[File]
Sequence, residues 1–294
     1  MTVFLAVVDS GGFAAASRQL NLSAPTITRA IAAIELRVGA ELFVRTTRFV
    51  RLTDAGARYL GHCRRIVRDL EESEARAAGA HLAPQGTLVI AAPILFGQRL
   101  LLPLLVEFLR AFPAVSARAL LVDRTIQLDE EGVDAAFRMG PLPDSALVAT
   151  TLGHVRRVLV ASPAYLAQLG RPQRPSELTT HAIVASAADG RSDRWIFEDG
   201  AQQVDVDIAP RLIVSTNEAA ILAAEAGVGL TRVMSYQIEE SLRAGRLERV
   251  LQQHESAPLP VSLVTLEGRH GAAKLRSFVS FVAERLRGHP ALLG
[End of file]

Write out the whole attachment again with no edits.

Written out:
Sequence, residues 1–294
     1  MTVFLAVVDS GGFAAASRQL NLSAPTITRA IAAIELRVGA ELFVRTTRFV
    51  RLTDAGARYL GHCRRIVRDL EESEARAAGA HLAPQGTLVI AAPILFGQRL
   101  LLPLLVEFLR AFPAVSARAL LVDRTIQLDE EGVDAAFRMG PLPDSALVAT
   151  TLGHVRRVLV ASPAYLAQLG RPQRPSELTT HAIVASAADG RSDRWIFEDG
   201  AQQVDVDIAP RLIVSTNEAA ILAAEAGVGL TRVMSYQIEE SLRAGRLERV
   251  LQQHESAPLP VSLVTLEGRH GAAKLRSFVS FVAERLRGHP ALLG